She holds out her hand and we shake.

“What now?” I ask.

“A car will be here shortly to take us to Sisters of the Divine Heart Convent. The Sword of Sin is there as well as a priest with more information about Azael. It’s also where we’ll break your contract with Satan.”

“What about the mercenary?” We look over at Roy, who’s sipping espresso with his pinky finger pointed skyward, almost taking the edge off his threatening appearance. Then a large beetle crawls out of his ear, rolling an orange ball of ear wax down his arm and toward the cup.

Don’t do it, Boss says.

Before I can verify Boss is thinking what I’m thinking, the orange ball drops into the cup as does my stomach drop.

Eww, echoes in my head from the both of us.

“The sooner we get out of here, the better.” Trisha’s lips draw back. “Unfortunately, I can’t call off your kill warrant until Azael’s back in his cell. So I sneaked a note to Harvey when I paid for your coffee, asking him to slip a mickey in Roy’s drink,” she says. “Get ready. When he nods off, we’re out the door.”

Courting Nuns

The convent resides in an adobe-style mansion with a terracotta exterior. Cross-cut logs stained a dark brown, dot across the full length of two floors. Foothills rise in the distance, but the building sits on flat and barren wasteland, covered with rocks, sagebrush, and sparse ponderosa pine trees.

Trisha makes herself at home by opening the tall, ornately carved door that swings on black metal hinges. I, on the other hand, hesitate to walk through the archway, expecting Boss and I will burn up like vampires.

Trisha waves me inside. “The nuns are sweethearts, and Father Timothy should be pleased you’re joining us.”

What does she mean by, ‘should be?’

Cautiously, I stride through the doorway unharmed, but the place is so quiet, the echo from my cowboy boots could wake the dead.

We pause under a black iron chandelier and face a set of grand staircases with dark oak steps and twisted railings. “They must be praying,” she says, then turns right, leading the way down a long hallway with tall windows that look out onto the front yard. Statues of saints are inset on the opposite wall.

Double doors lead into the chapel. Behind the altar hangs a life-like painted figure of Jesus on the cross. Twenty nuns in black veils kneel in the pews, chanting a prayer in Latin. Goosebumps break out on my arms from the decrease in temperature or the smell of incense that flashes me back to an unhappy parochial education.

I say to Boss, You’re remarkably calm for a demon in church.

A chapel’s the best place for a demon to fuck with sinful souls.

I half grin.

The dark-haired priest closes the Bible and steps away from the pulpit. He’s wearing the traditional clerical collar and black shirt above faded jeans. His sandals flap against the wood floor as he hurries to meet us halfway down the far-left aisle. “Trisha,” he says.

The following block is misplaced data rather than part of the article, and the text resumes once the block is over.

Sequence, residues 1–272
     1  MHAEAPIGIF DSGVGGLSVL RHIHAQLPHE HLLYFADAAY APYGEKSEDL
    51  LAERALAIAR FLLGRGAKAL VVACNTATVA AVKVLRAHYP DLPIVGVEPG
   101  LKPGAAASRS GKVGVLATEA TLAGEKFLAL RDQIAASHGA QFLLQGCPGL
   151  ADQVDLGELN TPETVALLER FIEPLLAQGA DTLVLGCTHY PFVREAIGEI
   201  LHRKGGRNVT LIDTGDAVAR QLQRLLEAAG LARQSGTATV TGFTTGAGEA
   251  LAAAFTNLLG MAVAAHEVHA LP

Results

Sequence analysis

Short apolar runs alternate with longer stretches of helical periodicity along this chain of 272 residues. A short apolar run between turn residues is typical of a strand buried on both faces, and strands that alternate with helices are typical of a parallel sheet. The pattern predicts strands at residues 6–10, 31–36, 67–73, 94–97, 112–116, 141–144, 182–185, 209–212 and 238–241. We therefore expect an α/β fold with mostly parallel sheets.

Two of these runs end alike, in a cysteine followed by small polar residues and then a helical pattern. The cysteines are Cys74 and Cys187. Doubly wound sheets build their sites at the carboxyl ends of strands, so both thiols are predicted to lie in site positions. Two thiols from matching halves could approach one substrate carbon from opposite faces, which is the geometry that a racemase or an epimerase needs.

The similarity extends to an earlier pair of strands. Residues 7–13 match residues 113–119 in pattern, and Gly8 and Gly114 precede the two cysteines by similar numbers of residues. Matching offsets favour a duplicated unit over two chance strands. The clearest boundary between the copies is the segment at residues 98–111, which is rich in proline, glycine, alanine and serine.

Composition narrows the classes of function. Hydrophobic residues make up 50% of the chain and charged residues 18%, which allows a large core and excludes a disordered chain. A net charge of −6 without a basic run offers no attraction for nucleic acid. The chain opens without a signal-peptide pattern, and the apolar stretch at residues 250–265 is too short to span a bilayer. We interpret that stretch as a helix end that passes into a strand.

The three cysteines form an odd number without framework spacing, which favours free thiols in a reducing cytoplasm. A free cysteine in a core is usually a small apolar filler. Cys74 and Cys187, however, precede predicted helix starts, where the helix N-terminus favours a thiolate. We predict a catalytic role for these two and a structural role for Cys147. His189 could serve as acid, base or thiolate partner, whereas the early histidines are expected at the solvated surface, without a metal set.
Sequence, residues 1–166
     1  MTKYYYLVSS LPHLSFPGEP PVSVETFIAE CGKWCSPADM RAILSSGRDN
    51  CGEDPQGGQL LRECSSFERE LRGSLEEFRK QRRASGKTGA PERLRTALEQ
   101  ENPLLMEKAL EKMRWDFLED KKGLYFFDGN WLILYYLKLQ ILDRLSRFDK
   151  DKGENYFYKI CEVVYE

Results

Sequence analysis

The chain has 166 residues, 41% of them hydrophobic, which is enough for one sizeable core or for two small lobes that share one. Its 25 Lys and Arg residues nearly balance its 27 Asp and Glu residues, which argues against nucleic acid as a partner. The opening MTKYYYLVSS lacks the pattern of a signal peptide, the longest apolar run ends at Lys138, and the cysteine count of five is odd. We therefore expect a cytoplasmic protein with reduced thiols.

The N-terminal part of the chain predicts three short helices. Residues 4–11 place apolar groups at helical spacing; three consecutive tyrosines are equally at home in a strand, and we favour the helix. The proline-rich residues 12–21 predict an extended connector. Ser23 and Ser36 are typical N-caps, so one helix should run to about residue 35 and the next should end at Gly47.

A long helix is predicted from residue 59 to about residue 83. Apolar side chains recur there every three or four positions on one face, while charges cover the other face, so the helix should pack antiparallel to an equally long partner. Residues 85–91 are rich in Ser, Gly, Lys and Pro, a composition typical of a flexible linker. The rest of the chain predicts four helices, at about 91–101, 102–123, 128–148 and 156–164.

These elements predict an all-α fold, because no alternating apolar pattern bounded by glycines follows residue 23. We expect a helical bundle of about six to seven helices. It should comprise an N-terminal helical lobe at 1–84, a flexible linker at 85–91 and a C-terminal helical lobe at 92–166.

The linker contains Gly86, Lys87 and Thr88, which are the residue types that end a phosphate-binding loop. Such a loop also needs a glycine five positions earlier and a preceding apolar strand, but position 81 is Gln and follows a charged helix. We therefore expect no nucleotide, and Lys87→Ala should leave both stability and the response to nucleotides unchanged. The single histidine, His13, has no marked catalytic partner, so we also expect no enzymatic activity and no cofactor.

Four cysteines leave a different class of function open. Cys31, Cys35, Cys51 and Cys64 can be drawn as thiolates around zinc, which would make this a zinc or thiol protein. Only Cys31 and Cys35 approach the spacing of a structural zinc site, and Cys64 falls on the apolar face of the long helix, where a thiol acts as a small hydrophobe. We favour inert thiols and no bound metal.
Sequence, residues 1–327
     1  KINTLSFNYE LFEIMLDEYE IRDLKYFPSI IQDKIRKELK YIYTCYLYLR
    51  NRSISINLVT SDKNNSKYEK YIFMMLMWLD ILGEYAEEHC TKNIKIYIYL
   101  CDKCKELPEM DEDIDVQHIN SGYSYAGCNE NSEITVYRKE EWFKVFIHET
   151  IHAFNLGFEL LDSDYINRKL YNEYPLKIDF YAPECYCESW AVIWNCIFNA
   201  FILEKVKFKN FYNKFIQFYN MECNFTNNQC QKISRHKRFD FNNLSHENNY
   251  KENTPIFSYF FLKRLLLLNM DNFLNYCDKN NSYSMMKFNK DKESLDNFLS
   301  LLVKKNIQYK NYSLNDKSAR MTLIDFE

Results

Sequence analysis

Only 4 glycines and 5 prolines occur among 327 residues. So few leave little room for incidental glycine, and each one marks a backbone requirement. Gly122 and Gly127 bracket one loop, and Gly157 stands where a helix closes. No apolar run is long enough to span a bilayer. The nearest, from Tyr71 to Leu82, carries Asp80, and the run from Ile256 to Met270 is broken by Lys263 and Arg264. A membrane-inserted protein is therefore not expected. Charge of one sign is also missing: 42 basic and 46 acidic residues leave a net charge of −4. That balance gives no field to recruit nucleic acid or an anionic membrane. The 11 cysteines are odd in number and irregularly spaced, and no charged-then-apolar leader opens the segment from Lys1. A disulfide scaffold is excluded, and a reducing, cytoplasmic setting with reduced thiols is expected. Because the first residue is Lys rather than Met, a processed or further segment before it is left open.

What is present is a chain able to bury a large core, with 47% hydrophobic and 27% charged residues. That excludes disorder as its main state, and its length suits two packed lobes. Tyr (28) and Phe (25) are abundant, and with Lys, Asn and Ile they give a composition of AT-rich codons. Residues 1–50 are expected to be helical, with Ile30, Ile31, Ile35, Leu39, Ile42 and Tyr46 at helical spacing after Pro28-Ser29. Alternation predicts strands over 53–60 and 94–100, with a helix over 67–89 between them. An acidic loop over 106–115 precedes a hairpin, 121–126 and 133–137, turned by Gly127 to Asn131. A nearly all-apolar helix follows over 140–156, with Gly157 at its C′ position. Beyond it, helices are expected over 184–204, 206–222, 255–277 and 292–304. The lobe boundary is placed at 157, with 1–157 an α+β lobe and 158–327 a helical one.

“Father Timothy.” She kisses his cheek, leaving a momentary glow of lip prints.

He frowns and extends a hand. “Who’s this?” While we shake, he focuses on my violet eyes.

“Name’s Pete.”

“He’s a courier,” Trisha says. “The man wanted for closing the hellhole.”

The priest stiffens and jerks away his hand. A few of the nuns turn and gasp. “Why would you bring him here?”

“I didn’t do it,” I assure him, although I expect Father Timothy’s two seconds away from throwing me out on my ass.

“It’s okay,” Trisha says. “He’s willing to help us with Azael.”

“Sisters.” Father Timothy’s voice echoes throughout the chapel. “Please go to your rooms until dinner.”

The nuns stand in unison. If it weren’t for their varying sizes, they’d be clones in their oversized gray sweaters and black skirts. With their veiled heads bowed and their hands clasped, they file out of the pews and through the doors where we’d entered.

Once they’re gone, Father Timothy says, “Trisha, there’s no one I trust more than you, but—”

“He’s immortal,” she says, “and has worked for Margery since the end of the Second World War. Anyone who can evade me for that many years has the skills we need.”

“You’re giving me too much credit,” I say. “Without Margery’s protection hexes, you were able to corner me in the Purgalator.” But no one seems to care about my objection.

“We’re under a time crunch,” Trisha says.

“But we still have to be cautious.” Father Timothy turns to me. “No offense, but I’ve been fighting on God’s Behalf for ten years, and never once have I met anyone or anything trustworthy on the side of evil. How can we be sure you won’t align yourself with Azael?”

All I can do is nod. He’s right in not trusting a guy who sold out to Satan and relies on a demon twenty-four-seven. I, too, have no faith in my fellow couriers, my suspicions about being set up today a perfect example.

An explosive crash and a wave of screams erupts in the hall. We run from the chapel to investigate. My heart quickens at the thought of how unprepared I am for whatever awaits. Boss concurs by squealing in my head.

Several nuns block our ability to access the grand entryway. My muscles tense as I inch forward through the crowd and make out the horrific scene. A winged being, at least ten feet tall and shimmering like a bronze statue, stands broad-chested, one fist resting at his waist. With a chiseled jaw, dark eyes and spiky hair, he’s handsome, yet terrifying in a way that makes my skin crawl. Or maybe it’s the fact he’s holding a nun’s decapitated head in his other hand.